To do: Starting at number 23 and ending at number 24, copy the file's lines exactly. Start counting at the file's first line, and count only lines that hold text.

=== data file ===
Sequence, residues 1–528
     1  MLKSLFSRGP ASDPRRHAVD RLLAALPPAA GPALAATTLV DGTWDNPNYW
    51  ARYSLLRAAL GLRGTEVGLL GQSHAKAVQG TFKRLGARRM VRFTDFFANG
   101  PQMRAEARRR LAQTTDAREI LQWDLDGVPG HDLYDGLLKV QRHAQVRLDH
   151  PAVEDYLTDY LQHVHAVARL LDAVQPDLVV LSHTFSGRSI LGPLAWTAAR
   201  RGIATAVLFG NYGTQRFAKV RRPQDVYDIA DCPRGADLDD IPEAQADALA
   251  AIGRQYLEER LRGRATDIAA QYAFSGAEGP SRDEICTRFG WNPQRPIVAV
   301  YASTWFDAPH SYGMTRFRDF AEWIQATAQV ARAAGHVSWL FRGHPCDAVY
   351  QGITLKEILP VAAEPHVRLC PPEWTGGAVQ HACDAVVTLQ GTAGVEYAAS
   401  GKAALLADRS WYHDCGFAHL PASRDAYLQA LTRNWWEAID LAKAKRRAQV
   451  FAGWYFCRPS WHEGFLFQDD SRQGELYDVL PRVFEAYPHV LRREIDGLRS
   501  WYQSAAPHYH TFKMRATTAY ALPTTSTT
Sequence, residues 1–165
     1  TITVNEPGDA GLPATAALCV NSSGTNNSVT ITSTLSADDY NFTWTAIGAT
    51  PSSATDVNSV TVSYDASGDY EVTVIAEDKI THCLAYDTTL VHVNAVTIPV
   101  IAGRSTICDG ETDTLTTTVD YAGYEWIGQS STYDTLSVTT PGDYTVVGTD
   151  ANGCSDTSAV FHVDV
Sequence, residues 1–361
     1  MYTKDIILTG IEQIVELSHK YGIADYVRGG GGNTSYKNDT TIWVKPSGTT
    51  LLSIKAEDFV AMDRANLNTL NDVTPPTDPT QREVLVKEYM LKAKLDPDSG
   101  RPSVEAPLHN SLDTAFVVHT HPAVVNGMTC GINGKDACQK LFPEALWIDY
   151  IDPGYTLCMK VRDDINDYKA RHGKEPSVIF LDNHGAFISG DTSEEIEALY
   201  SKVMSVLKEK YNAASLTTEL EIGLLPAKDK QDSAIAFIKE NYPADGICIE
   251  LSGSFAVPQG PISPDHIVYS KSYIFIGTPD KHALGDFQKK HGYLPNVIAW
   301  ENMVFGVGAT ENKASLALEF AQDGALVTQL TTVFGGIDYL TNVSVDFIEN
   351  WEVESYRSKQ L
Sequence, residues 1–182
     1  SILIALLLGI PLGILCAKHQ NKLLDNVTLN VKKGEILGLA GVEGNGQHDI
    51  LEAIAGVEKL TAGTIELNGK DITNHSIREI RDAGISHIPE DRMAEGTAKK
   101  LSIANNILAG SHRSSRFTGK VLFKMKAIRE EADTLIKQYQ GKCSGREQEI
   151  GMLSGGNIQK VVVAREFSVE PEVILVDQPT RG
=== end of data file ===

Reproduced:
   201  SKVMSVLKEK YNAASLTTEL EIGLLPAKDK QDSAIAFIKE NYPADGICIE
   251  LSGSFAVPQG PISPDHIVYS KSYIFIGTPD KHALGDFQKK HGYLPNVIAW